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Constellation - Opening (#52)

Let the participants affirm or reject statements by moving around
Source: Lyssa Adkins via Luis Goncalves
Place a circle or sphere in the middle of a free space. Let the team gather around it. Explain that the circle is the center of approval: If they agree to a statement they should move towards it, if they don't, they should move as far outwards as their degree of disagreement. Now read out statements, e.g.
  • I feel I can talk openly in this retrospective
  • I am satisfied with the last iteration
  • I am happy with the quality of our code
  • I think our continuous integration process is mature
Watch the constellations unfold. Ask questions about people's observations, such as which constellations were surprising.
This can also be a closing activity (#53).

Appreciative Inquiry (#65)

Lift everyone's spirit with positive questions
Source: Doug Bradbury, adapted for SW development by Corinna Baldauf
This is a round-based activity. In each round you ask the team a question, they write down their answers (gives everyone time to think) and then read them out to the others.
Questions proposed for Software Development teams:
  1. When was the last time you were really engaged / animated / productive? What did you do? What had happened? How did it feel?
  2. From an application-/code-perspective: What is the awesomest stuff you've built together? What makes it great?
  3. Of the things you built for this company, which has the most value? Why?
  4. When did you work best with the Product Owner? What was good about it?
  5. When was your collaboration best?
  6. What was your most valuable contribution to the developer community (of this company)? How did you do it?
  7. Leave your modesty at the door: What is the most valuable skill / character trait you contribute to the team? Examples?
  8. What is your team's most important trait? What sets you apart?

('Remember the Future' (#37) works well as the next step.)

Poster Session (#91)

Split a large group into smaller ones that create posters
Source: Unknown, adapted by Corinna Baldauf, inspired by Michal Grzeskowiak
After you've identified an important topic in the previous phase you can now go into detail. Have the larger group split up into groups of 2-4 people that will each prepare a poster (flip chart) to present to the other groups. If you have identified more than one main topic, let the team members select on which they want to work further.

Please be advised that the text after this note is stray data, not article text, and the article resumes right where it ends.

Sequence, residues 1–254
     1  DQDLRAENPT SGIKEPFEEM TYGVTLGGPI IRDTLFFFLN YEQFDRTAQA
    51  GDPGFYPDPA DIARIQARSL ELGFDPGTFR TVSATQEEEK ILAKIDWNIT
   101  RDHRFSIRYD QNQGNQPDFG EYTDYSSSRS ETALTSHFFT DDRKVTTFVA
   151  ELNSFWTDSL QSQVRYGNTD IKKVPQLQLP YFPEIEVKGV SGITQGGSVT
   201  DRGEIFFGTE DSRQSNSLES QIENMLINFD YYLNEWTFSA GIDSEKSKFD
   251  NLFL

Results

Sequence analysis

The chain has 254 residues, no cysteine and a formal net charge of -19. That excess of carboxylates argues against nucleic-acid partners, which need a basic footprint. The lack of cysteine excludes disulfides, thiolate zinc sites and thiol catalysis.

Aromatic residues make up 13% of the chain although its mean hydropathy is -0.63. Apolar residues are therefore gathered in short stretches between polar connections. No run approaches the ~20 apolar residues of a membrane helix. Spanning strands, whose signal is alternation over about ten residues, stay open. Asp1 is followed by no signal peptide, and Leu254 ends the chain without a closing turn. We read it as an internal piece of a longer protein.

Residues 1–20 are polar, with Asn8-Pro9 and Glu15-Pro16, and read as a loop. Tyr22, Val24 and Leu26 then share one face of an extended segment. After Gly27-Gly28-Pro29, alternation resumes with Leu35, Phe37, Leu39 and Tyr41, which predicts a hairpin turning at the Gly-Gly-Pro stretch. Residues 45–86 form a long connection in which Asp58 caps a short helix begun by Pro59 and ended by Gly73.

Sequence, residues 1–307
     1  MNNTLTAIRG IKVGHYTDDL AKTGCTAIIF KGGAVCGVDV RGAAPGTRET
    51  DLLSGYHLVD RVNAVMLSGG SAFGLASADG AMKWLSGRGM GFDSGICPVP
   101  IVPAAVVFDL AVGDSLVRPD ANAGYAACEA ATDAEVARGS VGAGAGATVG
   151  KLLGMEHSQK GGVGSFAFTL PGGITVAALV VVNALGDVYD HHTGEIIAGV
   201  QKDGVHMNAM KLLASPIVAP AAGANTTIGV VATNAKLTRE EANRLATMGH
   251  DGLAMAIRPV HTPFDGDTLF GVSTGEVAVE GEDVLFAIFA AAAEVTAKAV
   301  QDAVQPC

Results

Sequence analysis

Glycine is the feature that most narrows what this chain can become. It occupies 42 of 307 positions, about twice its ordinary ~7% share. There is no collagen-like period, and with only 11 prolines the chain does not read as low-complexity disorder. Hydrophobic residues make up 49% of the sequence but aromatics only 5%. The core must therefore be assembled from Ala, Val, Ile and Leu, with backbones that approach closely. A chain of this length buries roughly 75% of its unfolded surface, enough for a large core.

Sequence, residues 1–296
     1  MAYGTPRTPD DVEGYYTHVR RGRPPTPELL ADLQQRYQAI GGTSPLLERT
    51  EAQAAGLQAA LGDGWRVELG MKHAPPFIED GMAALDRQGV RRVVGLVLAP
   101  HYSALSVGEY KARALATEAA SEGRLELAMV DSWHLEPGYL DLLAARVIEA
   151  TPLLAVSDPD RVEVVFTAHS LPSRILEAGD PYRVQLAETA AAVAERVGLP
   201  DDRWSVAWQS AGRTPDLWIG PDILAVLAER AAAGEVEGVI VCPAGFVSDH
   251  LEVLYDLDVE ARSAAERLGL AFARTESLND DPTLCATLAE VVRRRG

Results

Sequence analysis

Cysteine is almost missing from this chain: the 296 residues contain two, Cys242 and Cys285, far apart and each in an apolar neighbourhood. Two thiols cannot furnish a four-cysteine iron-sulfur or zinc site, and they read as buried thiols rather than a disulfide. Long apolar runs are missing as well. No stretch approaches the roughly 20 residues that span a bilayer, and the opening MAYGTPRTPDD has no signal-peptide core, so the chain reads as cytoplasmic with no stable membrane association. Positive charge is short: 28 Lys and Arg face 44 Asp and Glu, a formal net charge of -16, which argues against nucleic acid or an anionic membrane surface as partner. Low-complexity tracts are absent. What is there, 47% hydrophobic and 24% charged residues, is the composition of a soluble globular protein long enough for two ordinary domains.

Give the teams guidelines about what the posters should cover / answer, such as:
  • What exactly happens? Why is that a problem?
  • Why / when / how does this situation happen?
  • Who benefits from the current situation? What is the benefit?
  • Possible solutions (with Pros and Cons)
  • Who could help change the situation?
  • ... whatever is appropriate in your setting ...
The groups have 15-20 minutes to discuss and create their posters. Afterwards gather and each group gets 2 minutes to present their results.

Dot Voting - Start, Stop, Continue (#12)

Brainstorm what to start, stop & continue and pick the top initiatives
Source: Agile Retrospectives
Divide a flip chart into boxes headed with 'Start', 'Continue' and 'Stop'. Ask your participants to write concrete proposals for each category - 1 idea per index card. Let them write in silence for a few minutes. Let everyone read out their notes and post them to the appropriate category. Lead a short discussion on what the top 20% beneficial ideas are. Vote on it by distributing dots or X's with a marker, e.g. 1, 2, and 3 dots for each person to distribute. The top 2 or 3 become your action items.

(Check out Paulo Caroli's 'Open the Box' for an awesome variation of this activity.)

Elevenie (#144)

Write a short poem
Source: Stefanie Dinh
An Elevenie (German 'Elfchen') is a poem with 11 words on five lines – 1, 2, 3, 4 and 1 word per line respectively. Only do this with a team in which people enjoy working with each other. It's a wonderful activity to do with a team that is disbanding at the end of a project as a way to commerate the good times.

Hand out pens and paper and read out the instructions:
'We are going to each write a poem with 5 lines. Each line has a specific number of words. Don't worry, I'll guide you through each line, one by one. Write down 1 word that comes to mind when you think about our team (a feeling, a color, ...).
On the next line, describe this feeling with 2 words.
On the next line, add details with 3 words – What is it like? How does it smell or sound? What would you like to add?
On line 4, write down a sentence with 4 words, starting with 'I'. What do you associate with your feeling.
Take a moment to read your poem thus far. What 1 word comes to mind? This is the final word of your poem on line 5.'

Now you can go around and everybody who wants to, can read out their poem. Bring tissues, it can be quite moving.

(#)


Source:
Retromat contains 127 activities, allowing for 8349005 combinations (25x30x22x22x23+5) and we are constantly adding more.

Created by Corinna Baldauf

Corinna wished for something like Retromat during her Scrummaster years. Eventually she just built it herself in the hope that it would be useful to others, too. Any questions, suggestions or encouragement? You can email her or follow her on Twitter. If you like Retromat you might also like Corinna's blog and her summaries on Wall-Skills.com.

Co-developed by Timon Fiddike

Timon gives Scrum trainings. He mentors advanced scrum masters and advanced product owners. Human, dad, nerd, contact improv & tango dancer. He has used Retromat since 2013 and started to build new features in 2016. You can email him or follow him on Twitter. Photo © Ina Abraham.